I've been trying to get qemu-alpha working for years now. The furthest I ever got was partially booting a Debian ramdisk. It would boot into the installer as long as I didn't specify a CD to install from. If I did, qemu would crash right after detecting it. If I didn't, there was nothing to install from. I might have somehow installed from the internet but version 5.0.10 was the end of the line for Alpha support by the time I figured out how to get the installer to boot, the online repositories were long gone.
DVD's are still available at http://cdimage.debian.org/mirror/cdimage/archive/5.0.10/alpha/iso-dvd/ though, so if I could get qemu to keep from crashing, maybe I could install from the DVD.
Qemu 1.7.0 came out a little while ago and yesterday I gave it a try. I didn't notice anything in the release notes about updates to the alpha emulation but hey, you never know... Much to my surprise, the kernel detected the cdrom, didn't crash and began the installation. Woohoo!
It wasn't totally smooth though. The kernel reported the DVD but the installer couldn't find it later. I had to play around a bit, but eventually I was able to get the installation to work using:
qemu-system-alpha -kernel vmlinux -append 'console=ttyS0' -initrd initrd.gz -drive file=debian_alpha.img,if=ide -drive file=debian-5010-alpha-DVD-1.iso,if=ide,media=cdrom -net bridge -net nic,macaddr=aa:00:00:00:00:16 -nographic
I had to extract the kernel and ramdisk from the iso and unzip the kernel. The -drive parameters were necessary instead of -hda/-cdrom parameters too. Without them, the installer can't see the DVD. I'm not sure why.
Before long I was installing.
The installation was familiar. I told it to install all packages and aside from having to ignore a few warnings about not being able to access security updates, it went pretty smooth.
I hit my first roadblock trying to boot to the virtual hard disk though. The kernel and ramdisk on the installer disc are different than the kernel and ramdisk that get installed and can't be used to boot to the virtual hard disk. The partition table on the virtual drive wasn't readable by fdisk on the host either so I couldn't determine the offsets of the partitions to try to loopback mount. What to do? What to do?...
There are probably other solutions, but I created a second disk image...
dd if=/dev/zero of=fakedisk.img bs=1024 count=10000
...and booted back into the installer without the DVD so the installer would fail and let me drop to a shell:
qemu-system-alpha -kernel vmlinux -append 'console=ttyS0' -initrd initrd.gz -drive file=debian_alpha.img,if=ide -drive file=fakedisk.img,if=ide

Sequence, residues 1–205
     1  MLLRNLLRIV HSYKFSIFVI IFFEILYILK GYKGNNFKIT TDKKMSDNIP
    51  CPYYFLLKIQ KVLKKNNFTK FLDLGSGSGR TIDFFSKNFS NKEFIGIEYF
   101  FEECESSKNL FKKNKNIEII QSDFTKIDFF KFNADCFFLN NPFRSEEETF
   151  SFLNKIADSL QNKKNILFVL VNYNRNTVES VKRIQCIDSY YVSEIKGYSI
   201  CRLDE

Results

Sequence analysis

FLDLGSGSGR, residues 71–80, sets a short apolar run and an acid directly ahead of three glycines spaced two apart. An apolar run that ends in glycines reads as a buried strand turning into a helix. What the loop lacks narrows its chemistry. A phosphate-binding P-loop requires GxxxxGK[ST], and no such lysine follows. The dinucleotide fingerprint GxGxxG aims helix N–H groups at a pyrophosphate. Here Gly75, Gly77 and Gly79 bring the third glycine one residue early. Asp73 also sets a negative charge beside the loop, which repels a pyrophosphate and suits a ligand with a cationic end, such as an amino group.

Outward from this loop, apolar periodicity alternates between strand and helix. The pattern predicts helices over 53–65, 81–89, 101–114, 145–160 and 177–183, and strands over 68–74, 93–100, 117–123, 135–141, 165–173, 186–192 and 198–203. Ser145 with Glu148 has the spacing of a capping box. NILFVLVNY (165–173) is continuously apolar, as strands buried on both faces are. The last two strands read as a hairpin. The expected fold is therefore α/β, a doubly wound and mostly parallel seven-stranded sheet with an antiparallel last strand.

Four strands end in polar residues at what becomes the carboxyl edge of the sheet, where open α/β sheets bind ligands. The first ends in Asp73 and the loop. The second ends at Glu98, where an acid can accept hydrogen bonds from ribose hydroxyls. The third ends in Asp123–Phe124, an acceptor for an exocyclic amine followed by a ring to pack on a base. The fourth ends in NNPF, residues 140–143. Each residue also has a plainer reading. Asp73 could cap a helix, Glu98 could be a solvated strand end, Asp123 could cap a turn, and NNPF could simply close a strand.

In the shell, I mounted the /boot partition (/dev/hda2) and dd'ed the kernel to the second virtual drive (/dev/hdb).
mount /dev/hda2 /cdrom
dd if=/cdrom/vmlinuz-2.6.26-2-alpha-generic of=/dev/hdb
Then, on the host, I pulled it off of the drive image.
dd if=fakedisk.img of=vmlinuz-2.6.26-2-alpha-generic bs=1587497 count=1
I then repeated this to get the ramdisk.
In the vm...
dd if=/cdrom/initrd.img-2.6.26-2-alpha-generic of=/dev/hdb
...and on the host:
dd if=fakedisk.img of=initrd.img-2.6.26-2-alpha-generic bs=9271534 count=1
Now to restart qemu...
After some trial and error, I eventually discovered that with the VGA console disabled, gdm would crash qemu. The solution was to start linux in single-user mode...
qemu-system-alpha -kernel vmlinux-2.6.26-2-alpha-generic -append 'console=ttyS0 root=/dev/hda3 single' -initrd initrd.img-2.6.26-2-alpha-generic -drive file=debian_alpha.img,if=ide -drive file=debian-update-5.0.10-alpha-DVD-1.iso,if=ide,media=cdrom
...then disable gdm...
mv S30gdm K30gdm
...and then restart in multi-user mode.
qemu-system-alpha -kernel vmlinux-2.6.26-2-alpha-generic -append 'console=ttyS0 root=/dev/hda3' -initrd initrd.img-2.6.26-2-alpha-generic -drive file=debian_alpha.img,if=ide -drive file=debian-update-5.0.10-alpha-DVD-1.iso,if=ide,media=cdrom -net bridge -net nic,macaddr=aa:00:00:00:00:16 -nographic
Actually while I was disabling gdm, I also disabled other services I didn't plan on using like smartmontools, dhcdbd, winbind, spamassassin, and so on.
At that point, it was running, rather quickly actually, and felt like any other older Debian system.
I configured it with a static IP, added the Updates DVD to apt and installed openssh-server and various bits of development software. This required a bit of switching DVD's back and forth and I had to look up how to use the qemu monitor again.
Everything ran pretty well at that point. Networking worked. I could ssh into the machine. Apache worked. I could check out and build my software. I did run into a quirk with ODBC but that's why I like to build my stuff on these odd platforms. You never know what you'll find.
Gnome worked after rebooting with 256mb of emulated ram and aiming X at a nested X server on my PC.
I could browse the web, albeit a little slowly.
And finally, I was able to run the SQL Relay server against SQLite, PostgreSQL and MySQL and the client against a remote SQL Relay server to access Oracle.
So, finally I got linux running in an Alpha emulator. The only remaining problem is that it kind-of slams the host CPU. I guess qemu doesn't do idle-loop detection for Alpha, or if it does, it doesn't work with Debian. Either way, it's rough.
Still, it's a big step. I'll have to try some of the BSD and old Redhat alpha distros too.